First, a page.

A San Francisco startup company called Uber has a very interesting premise. When the app launched it aimed at user's who are more affluent, and was installed on smartphones such as the iPhone allowing the user to call a luxury car to come pick them up. Uber is now reaching for a broader mass appeal with the addition of lower-priced cars to its service.
Uber will begin this week giving customers the option in San Francisco and New York of choosing a hybrid car rather than a luxury car for a price it says will be 10% to 25% more than a taxi. That compares to the 40% to 100% premium increase customers would pay for something like a town car. The company CEO believes that the addition of lower-priced cars is the first big step in taking the service to the masses.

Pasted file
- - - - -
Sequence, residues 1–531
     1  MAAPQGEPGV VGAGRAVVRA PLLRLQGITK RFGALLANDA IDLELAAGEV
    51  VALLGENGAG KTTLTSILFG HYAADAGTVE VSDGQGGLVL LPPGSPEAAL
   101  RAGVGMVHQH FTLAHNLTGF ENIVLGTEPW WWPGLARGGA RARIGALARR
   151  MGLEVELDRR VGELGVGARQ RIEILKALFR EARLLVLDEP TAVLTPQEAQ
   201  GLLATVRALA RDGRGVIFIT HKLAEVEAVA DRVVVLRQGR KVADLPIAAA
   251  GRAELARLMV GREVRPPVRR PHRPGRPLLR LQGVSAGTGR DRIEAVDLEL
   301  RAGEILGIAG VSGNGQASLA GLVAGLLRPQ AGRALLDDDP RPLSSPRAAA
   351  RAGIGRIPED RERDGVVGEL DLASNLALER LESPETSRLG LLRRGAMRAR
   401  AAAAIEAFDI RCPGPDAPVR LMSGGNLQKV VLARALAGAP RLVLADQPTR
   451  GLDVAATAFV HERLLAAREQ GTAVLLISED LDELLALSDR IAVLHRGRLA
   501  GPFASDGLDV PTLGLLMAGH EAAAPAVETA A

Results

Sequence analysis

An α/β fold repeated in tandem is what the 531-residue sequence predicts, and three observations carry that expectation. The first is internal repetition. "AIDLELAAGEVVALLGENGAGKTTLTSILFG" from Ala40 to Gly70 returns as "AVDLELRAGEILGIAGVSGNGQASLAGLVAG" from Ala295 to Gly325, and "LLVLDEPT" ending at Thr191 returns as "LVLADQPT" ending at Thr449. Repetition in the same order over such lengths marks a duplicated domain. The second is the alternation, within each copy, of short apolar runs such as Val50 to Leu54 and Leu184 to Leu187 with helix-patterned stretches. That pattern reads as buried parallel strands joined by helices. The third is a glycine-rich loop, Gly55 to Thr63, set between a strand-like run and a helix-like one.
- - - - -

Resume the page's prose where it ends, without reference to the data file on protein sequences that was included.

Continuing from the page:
Uber has been successful in raising a significant amount of money, $43 million, from investors since 2011. The company has software that tries to predict the areas where rights are likely to be in high demand at different times of the day. That information is presented to the company's drivers via a smart phone app, so they can figure out where they should be at a given time to pick up customers within minutes of a request. Uber doesn't own cars itself; it partners with existing cars for hire companies and receives a cut of the fair from the car company.